A Traditional Story of Picking Strawberries, Redheads and Love
Lenonah and her family lived by a wide creek; they had all the water and natural foods they needed to survive and be happy. Lenonah was known for her beautiful, long, almost black hair and for her very good foraging skills. She could pick baskets and baskets full of berries faster than her sisters and her mother.
There were many berry-pickin’ places near their lodge, and the girls knew them all, except for a couple only Lenonah knew about. Lenonah was quite fond of wild strawberries and ate most of what she picked. One day, her sisters noticed that her beautiful long hair was getting lighter and lighter—nearly red! They were worried, but Lenonah didn’t think anything of it. She thought it could only be the strawberries making this so.
In those times, humans and animals could speak to one another. She talked with her friends muskrat and frog about what was happening to her hair. Frog was not alarmed, but muskrat was concerned and told her she should stop eating so many berries. He thought her hair color would make it too easy for those who wished her harm to find her, or worse, her secret picking places. From that day on, she never ate another wild strawberry, but she always wanted to. One day she was foraging near one of her old secret wild strawberry places and saw a handsome young red-haired man in the middle of the patch. He waved to her. They saw each other again, many times and fell in love. He told her his hair had once been long and nearly black but he loved wild strawberries so much he couldn’t stop eating them. She told him of her talk with frog and muskrat and why she stopped eating her beloved wild berries. He said if she would marry him he would protect her and she could eat all the berries she wanted; he would love her whether her hair was black or red. They married and had many children and grandchildren. So every time you see people with strawberry red hair, think of Lenonah, her husband and their happy life near a strawberry patch.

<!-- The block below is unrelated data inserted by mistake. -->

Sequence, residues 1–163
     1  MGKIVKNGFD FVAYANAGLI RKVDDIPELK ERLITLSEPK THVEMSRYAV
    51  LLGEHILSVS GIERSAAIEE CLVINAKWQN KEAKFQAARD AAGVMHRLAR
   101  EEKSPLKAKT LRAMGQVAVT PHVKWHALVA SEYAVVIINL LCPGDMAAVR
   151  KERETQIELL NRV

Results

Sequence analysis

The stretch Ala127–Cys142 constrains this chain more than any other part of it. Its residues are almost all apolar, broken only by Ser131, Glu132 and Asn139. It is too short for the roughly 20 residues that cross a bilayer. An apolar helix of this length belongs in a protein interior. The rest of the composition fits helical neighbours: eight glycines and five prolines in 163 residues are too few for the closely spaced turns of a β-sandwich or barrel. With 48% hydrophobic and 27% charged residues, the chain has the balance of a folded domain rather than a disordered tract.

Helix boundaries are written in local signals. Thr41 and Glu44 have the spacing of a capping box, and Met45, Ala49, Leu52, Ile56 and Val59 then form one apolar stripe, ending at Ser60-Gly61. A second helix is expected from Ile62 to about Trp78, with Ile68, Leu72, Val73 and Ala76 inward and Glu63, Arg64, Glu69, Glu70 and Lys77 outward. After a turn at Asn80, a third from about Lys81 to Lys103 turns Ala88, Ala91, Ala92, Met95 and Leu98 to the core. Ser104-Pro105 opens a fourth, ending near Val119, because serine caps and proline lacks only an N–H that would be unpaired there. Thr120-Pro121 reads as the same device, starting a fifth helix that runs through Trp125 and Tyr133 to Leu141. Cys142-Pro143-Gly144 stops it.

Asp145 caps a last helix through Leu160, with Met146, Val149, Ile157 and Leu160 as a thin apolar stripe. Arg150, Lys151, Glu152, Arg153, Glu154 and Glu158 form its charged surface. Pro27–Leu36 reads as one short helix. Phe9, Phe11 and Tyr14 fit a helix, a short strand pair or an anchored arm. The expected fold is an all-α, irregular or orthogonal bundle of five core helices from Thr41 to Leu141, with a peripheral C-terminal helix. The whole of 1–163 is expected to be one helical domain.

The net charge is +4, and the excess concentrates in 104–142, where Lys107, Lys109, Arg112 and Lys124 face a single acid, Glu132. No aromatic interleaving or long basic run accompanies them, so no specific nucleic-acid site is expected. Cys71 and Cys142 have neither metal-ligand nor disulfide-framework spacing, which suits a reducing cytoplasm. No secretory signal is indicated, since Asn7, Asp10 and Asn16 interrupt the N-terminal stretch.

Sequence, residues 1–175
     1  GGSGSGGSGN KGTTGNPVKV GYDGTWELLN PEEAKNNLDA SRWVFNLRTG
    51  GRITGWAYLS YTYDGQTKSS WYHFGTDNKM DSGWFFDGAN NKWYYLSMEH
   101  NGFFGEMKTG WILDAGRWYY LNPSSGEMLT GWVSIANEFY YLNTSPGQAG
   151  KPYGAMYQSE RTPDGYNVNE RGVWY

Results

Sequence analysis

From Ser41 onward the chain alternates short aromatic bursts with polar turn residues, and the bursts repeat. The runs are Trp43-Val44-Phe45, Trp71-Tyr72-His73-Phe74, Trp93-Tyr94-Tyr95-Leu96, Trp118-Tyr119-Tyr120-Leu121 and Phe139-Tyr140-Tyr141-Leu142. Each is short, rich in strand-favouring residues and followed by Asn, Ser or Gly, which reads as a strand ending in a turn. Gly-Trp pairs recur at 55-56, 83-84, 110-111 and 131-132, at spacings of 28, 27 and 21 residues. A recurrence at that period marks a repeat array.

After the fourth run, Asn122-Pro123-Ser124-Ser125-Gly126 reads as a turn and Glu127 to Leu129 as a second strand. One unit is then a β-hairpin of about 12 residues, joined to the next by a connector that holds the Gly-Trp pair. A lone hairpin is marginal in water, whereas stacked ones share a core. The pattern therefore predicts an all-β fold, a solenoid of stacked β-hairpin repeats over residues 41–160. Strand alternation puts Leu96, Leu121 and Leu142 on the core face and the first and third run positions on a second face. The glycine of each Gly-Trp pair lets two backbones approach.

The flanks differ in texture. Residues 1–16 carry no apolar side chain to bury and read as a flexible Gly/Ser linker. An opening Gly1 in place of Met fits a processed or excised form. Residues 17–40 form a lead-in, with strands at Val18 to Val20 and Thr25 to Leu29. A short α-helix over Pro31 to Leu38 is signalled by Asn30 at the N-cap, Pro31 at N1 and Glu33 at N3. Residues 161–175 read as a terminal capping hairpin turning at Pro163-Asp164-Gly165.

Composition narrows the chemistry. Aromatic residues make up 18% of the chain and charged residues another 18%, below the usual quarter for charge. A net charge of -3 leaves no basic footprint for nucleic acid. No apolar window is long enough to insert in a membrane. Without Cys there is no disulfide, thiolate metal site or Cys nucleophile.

Strawberry Leaf Tea
Pick leaves from the strawberry plant late in the summer. Put them on paper towels on a screen and dry in the sun or a 125-degree oven overnight. When thoroughly dry, crumble the leaves and put in a clean airtight container.
My own grandmother swore they would cure anything, especially a cold. They contain a lot of vitamin C, so she may have been right. The tea likes to be sweetened with honey. The Wampanoag word for strawberry leaves is wuttahimnasippa-quash.
Strawberry Bread Pudding
This is a VERY rich dessert and wonderful for special occasions as a memorable treat. First is the pudding recipe; the sauce recipe follows.
1 cup sugar
½ cup honey
½ teaspoon cinnamon
¼ teaspoon nutmeg
½ teaspoon salt
2 cups heavy cream
1 cup whole milk
6 cups day old bread, cubed
2 cups strawberries, hulled
1 cup heavy cream
3 egg yolks
¼ cup real maple syrup
Bring sauce ingredients to a boil in a small saucepan over medium heat. Stir constantly. Remove from heat, put pan in a larger pan of ice water to cool.
Preheat oven to 325 degrees. Use a large bowl to mix eggs, sugar, honey, spices, salt and cream. Fold in the bread and let it set for 15 minutes. Pour this into a greased 9X13-inch cake pan and gently fold in the strawberries. Cover with foil. Bake 45-50 minutes. Let cool. Serve the sauce on the side or pour over individual servings.
Dale Carson, Abenaki, is the author of three books: New Native American Cooking, Native New England Cooking and A Dreamcatcher Book. She has written about and demonstrated Native cooking techniques for more than 30 years. Dale has four grown children and lives with her husband in Madison, Connecticut.